It is a one-on-one approach – patient to therapist – that makes for a unique experience at Wonsettler Physical Therapy and Specialized Health in Scenery Hill.
“Generally, we feel most health care facilities are sterile and cold with low ceilings and a drab look,” said Cliff Wonsettler, owner and therapist.
“We wanted to create a facility that had a lot of space, was bright and welcoming with an atmosphere to feel good and to be comfortable. We wanted a facility where patients would feel comfortable working with their therapist and be willing to not only work with them but also talk with them without hesitation or reservation.”
Wonsettler Physical Therapy’s mission is to bridge the health gap between where a patient is at the moment and where they want to be. They represent a singular idea: Substantial Positive Change.
“We are about transformation. And we want to see you experience it for the long haul, not just apply a temporary bandaid,” the Wonsettler said.
WPT was born out of a desire to improve the lives of our community — the people we serve.
“We believe in offering holistic approaches to solving your problems — whether that’s the setback of an injury, chronic debilitating pain, or athletic or life performance that leaves you wanting more,” Wonsettler said.
Wonsettler said he thinks patients feel better and energized in the company’s building, which opened in February 2019.
He returned to his home area after operating a facility in Seattle.
“We wanted to create openness and space here,” Wonsettler said. “It allows (patients) to do their work. We feel it’s an environment that will more likely encourage them to share their feelings and concerns, be open with their thoughts with their therapist.”
WPT is attempting to reach the public through several social media platforms, with Sarah Barker, WPT’s patient relations manager, leading the way. WPT is taking advantage of Facebook, Twitter, Pinterest, Instagram, YouTube and email campaigns to promote the business and assist patients virtually.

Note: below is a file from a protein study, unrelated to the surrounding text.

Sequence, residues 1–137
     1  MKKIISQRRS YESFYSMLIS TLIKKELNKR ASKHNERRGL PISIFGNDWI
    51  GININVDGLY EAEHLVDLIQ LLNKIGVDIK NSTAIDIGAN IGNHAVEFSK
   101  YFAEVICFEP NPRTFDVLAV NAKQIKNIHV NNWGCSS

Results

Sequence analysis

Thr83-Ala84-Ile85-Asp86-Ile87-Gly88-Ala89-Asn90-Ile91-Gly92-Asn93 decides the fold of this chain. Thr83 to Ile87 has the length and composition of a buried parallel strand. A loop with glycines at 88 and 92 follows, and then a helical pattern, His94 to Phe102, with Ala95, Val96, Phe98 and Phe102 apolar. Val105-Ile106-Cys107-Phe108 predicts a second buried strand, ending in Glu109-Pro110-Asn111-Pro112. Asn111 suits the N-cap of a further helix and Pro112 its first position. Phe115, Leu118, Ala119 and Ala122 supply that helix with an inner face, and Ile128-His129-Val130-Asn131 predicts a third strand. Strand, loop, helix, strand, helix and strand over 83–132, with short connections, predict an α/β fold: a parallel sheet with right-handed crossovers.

“A lot of our marketing is getting out information to those with nagging pains,” Barker said. “We provide some tips and suggestions.”
Wonsettler has been a physical therapist for more than a decade. His frustration compelled him to leave the Great Northwest to build what he and his brother Charlie, also a physical therapist, have now — a personalized approach to physical therapy.
The facility is bright with a beautiful view to the outside. One can see for miles on end, which was intentional.
“It’s a place where you feel optimistic about what you are doing and confident in the commitment from their staff. You feel like you are going to be heard and made feel better,” said one of WPT’s patients, who preferred anonymity.
Kelsey Harris, a staff therapist, said many people say their place of work is like family.
“This really is a family here,” she said. “The patients get our undivided attention. There’s a lot to enjoy. We get our work done, but it isn’t a typical health care environment. We joke, laugh, and make people feel welcome – which allows them to relax.
“I love it here. Truly I can’t think of anywhere better to work. We have a lot of fun while putting in work. The atmosphere and the attitude is great. The one-on-one time spent only helps the patient become more confident in the therapist and the work we do with one another.”
The Wonsettler family was very involved in wrestling at Bentworth High School. Cliff wrestled at Penn State, and C.J. Wonsettler, a Major in the U.S. Army, was a state champion for the Bearcats. Charlie was also a fine Bearcats’ wrestler.
Their father, Chuck, a retired Bentworth School District teacher and head wrestling coach for more than a decade, is a sixth-generation family farmer.
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